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What does an Investment Banking Analyst do?

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  • Written By: A. Garrett
  • Edited By: Lauren Fritsky
  • Last Modified Date: 03 November 2016
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An investment banking analyst evaluates the finances of various companies within certain business sectors, advises clients on potential investments, facilitates mergers and acquisitions and helps identify or secure funding for a new business. Investment sectors covered by an investment banking analyst include energy, retail and financial services. When conducting a financial analysis of a company, an investment banking analyst looks at the profits and earnings of a company as well as market trends within the industry that the company conducts business in. A business degree from a college or university is typically required to work as an investment banking analyst. Candidates for a position as an investment banking analyst should also have effective oral and written communication skills.

The primary duty of an investment banking analyst is to review financial statements to discern the financial health of a particular company or industry. An investment banking analyst may also create financial models that predict future revenues, profits or share prices of a company. Such information may influence an investment bank’s choice to underwrite or purchase stock in a corporation. Analysts also advise clients in mergers, the joining of two companies, and acquisitions, the purchasing of one company by another.

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Investment banking analysts may also secure clients as part of their duties. Typically, investment banks give potential clients a brochure detailing the services and benefits they offer based on the research conducted by a business analyst. A financial analyst may also conduct “cold calls”—phone calls to prospective customers that are not expecting such communications. These calls usually involve the analyst attempting to sell a service or advising an existing client to invest in a certain enterprise or venture. The analyst may earn a commission if he successfully completes the sale of the service or stock.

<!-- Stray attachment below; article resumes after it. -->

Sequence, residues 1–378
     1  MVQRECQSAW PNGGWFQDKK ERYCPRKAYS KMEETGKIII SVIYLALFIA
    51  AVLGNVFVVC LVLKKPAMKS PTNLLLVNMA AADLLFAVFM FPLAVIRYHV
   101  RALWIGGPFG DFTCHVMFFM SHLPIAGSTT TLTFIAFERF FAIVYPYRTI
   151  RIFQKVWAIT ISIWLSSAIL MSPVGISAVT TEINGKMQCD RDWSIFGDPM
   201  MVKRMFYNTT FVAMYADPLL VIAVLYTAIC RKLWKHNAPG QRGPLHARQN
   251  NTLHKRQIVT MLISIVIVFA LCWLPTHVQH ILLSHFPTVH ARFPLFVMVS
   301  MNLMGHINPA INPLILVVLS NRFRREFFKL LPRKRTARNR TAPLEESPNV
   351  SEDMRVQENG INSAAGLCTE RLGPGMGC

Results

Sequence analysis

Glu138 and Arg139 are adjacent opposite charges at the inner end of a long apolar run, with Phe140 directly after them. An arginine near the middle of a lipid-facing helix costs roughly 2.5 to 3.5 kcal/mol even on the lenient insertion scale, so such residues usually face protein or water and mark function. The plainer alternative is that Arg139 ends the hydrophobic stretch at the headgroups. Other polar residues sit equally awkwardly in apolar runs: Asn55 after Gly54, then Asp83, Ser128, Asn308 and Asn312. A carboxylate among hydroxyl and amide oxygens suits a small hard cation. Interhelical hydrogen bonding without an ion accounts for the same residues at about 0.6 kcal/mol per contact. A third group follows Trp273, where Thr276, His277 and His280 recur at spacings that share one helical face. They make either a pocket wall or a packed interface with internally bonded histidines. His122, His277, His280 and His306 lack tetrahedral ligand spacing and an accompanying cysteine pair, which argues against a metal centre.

Due to the quantitative nature of the job, a typical investment banking analyst is expected to have a degree or background in finance, economics or accounting. These disciplines also expose a potential candidate for the position of analyst to financial statements and allow him to home his skills in identifying strong and weak companies and develop intimate knowledge of investment and economic markets. People working at investment banks may be required to share their research with peer or supervisors. Consequently, an investment banking analyst should be articulate and capable of submitting written reports in a clear, concise manner. This position also has a sales component to it; analysts should be well-versed in socializing as a result.

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